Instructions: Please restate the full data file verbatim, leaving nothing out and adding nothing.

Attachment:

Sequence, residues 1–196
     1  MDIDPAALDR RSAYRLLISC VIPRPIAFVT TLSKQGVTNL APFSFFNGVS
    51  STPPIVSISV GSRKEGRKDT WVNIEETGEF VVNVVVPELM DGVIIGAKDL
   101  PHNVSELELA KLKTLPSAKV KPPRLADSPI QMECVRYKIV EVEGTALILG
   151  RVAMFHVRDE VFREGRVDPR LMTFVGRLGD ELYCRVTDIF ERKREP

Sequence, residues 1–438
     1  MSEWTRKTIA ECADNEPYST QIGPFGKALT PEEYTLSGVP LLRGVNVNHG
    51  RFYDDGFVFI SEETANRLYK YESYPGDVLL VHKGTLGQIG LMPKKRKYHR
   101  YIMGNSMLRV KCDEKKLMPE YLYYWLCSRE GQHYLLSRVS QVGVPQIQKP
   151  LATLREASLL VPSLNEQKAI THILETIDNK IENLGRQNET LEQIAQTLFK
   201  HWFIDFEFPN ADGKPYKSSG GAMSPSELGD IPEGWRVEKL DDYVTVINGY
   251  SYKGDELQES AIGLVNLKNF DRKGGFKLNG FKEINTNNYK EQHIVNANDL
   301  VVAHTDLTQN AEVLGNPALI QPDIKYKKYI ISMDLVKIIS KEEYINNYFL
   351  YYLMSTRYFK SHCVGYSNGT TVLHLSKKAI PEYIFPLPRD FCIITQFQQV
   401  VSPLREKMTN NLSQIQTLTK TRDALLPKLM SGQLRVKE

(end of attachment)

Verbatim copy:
Sequence, residues 1–196
     1  MDIDPAALDR RSAYRLLISC VIPRPIAFVT TLSKQGVTNL APFSFFNGVS
    51  STPPIVSISV GSRKEGRKDT WVNIEETGEF VVNVVVPELM DGVIIGAKDL
   101  PHNVSELELA KLKTLPSAKV KPPRLADSPI QMECVRYKIV EVEGTALILG
   151  RVAMFHVRDE VFREGRVDPR LMTFVGRLGD ELYCRVTDIF ERKREP

Sequence, residues 1–438
     1  MSEWTRKTIA ECADNEPYST QIGPFGKALT PEEYTLSGVP LLRGVNVNHG
    51  RFYDDGFVFI SEETANRLYK YESYPGDVLL VHKGTLGQIG LMPKKRKYHR
   101  YIMGNSMLRV KCDEKKLMPE YLYYWLCSRE GQHYLLSRVS QVGVPQIQKP
   151  LATLREASLL VPSLNEQKAI THILETIDNK IENLGRQNET LEQIAQTLFK
   201  HWFIDFEFPN ADGKPYKSSG GAMSPSELGD IPEGWRVEKL DDYVTVINGY
   251  SYKGDELQES AIGLVNLKNF DRKGGFKLNG FKEINTNNYK EQHIVNANDL
   301  VVAHTDLTQN AEVLGNPALI QPDIKYKKYI ISMDLVKIIS KEEYINNYFL
   351  YYLMSTRYFK SHCVGYSNGT TVLHLSKKAI PEYIFPLPRD FCIITQFQQV
   401  VSPLREKMTN NLSQIQTLTK TRDALLPKLM SGQLRVKE